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Summary: Describes questions that we can ask to deal with answering whether or not it is okay to do something.

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Making Decisions and Getting Them Right

New Friendship Baptist Church

July 31, 2006

1 Corinthians 10:23-33

Being a minister, I get asked a number of questions that other people do not get asked. One of the questions I get asked the most, right behind “Will you say the blessing so we can eat?” is “Can I do this?” This is what I mean:

“Can I watch this movie even though it has a questionable scene in it?”

“Can I tithe on the net, or do I have to tithe on the gross?”

“Can I go to this party where I know there will be drinking?”

All of these questions really boil down to this, “How far can I go before God gets upset?” We all want to know where the line is drawn of acceptable behavior. We all want to figure out what is right, and what is wrong. So today I am going to give you a set of questions that you can ask in order to determine if something is right, or wrong. Now if you are taking notes, feel free to write these down, but know that they are all coming right out of the pages of the letter to the Corinthians.

Read 1 Cor 10:23-24.

There it is again. There is the statement that is counter-cultural. “Let no one seek his own good, but the good of his neighbor.” The first question we must ask ourselves is this:

AM I THINKING OF OTHERS BEFORE MYSELF?

Let’s keep this passage in context. Over the last several chapters, Paul has taught on this already in his dealing of whether or not we should eat meat offered to idols. When asking if we are thinking of others, what we are really asking is: “Will it cause my weaker brother to stumble?” (1 Corinthians 8) “Will it hinder my sharing the gospel?” 1 Corinthians 9) Now we must also remember that Paul is not instructing Christians to become doormats. Too often when we attempt to do something counter-cultural, we ride the pendulum too far the other way. God does not want a church filled with co-dependent people whose very emotions are dependent on pleasing others. That is becoming dependent on others when we are to be dependent only upon God. When we are looking at others before ourselves, it is not to make them comfortable while we suffer. The question is one of drawing men and women to a closer and deeper relationship to God.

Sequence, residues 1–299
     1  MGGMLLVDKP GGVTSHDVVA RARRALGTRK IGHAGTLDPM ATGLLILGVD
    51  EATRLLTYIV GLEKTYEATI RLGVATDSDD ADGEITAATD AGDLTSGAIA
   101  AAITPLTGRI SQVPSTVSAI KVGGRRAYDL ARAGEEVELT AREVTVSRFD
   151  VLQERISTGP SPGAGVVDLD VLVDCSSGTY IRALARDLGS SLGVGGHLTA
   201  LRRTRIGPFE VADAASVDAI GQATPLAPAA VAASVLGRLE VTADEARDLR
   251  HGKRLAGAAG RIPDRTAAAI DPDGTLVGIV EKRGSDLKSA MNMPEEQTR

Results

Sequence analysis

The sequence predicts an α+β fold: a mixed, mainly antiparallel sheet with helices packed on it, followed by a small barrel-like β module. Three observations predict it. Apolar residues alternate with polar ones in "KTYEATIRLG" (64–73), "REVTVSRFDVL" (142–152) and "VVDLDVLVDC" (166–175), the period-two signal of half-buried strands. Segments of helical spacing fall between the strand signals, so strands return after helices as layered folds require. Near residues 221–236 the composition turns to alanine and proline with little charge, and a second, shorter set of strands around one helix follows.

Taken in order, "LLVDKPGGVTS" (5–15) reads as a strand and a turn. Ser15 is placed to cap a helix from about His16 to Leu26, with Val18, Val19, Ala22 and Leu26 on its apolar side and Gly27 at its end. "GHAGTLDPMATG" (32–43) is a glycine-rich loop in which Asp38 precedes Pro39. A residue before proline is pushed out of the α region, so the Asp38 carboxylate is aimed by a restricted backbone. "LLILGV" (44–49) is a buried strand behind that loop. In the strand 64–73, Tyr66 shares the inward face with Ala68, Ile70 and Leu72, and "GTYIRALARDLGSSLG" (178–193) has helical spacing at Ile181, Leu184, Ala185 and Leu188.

Now let’s go back to verse 23. (Read first half) Here we find the next question we should ask:

IS IT HELPFUL?

Now we have to be very careful here because we have an amazing ability to rationalize almost anything that we want for its “helpfulness.” We say, “That new car would be helpful for getting me to where I need to go,” when your present car can do it albeit not as stylishly. Or we say, “That new dishwasher will help me get done with the dishes faster so I have more time for prayer and meditation,” when the honest truth is we just don’t like washing dishes and we have to go in debt to buy the dishwasher. What does Paul mean when he states not all things are helpful? Again, pay attention to context. Immediately before this statement he has talked about Israel’s example in their relationship with God and the way they followed idols, went into sexual immorality, and grumbled and complained. He speaks that we cannot participate in the cup of Christ and the cup of the Destroyer at the same time. Then he immediately says, not all things are helpful. Paul wants us to understand that some things will help us participate with Christ, and some things will lead us to participate with the Destroyer. So maybe the question needs to be amended for our clarification. Maybe the question should read:


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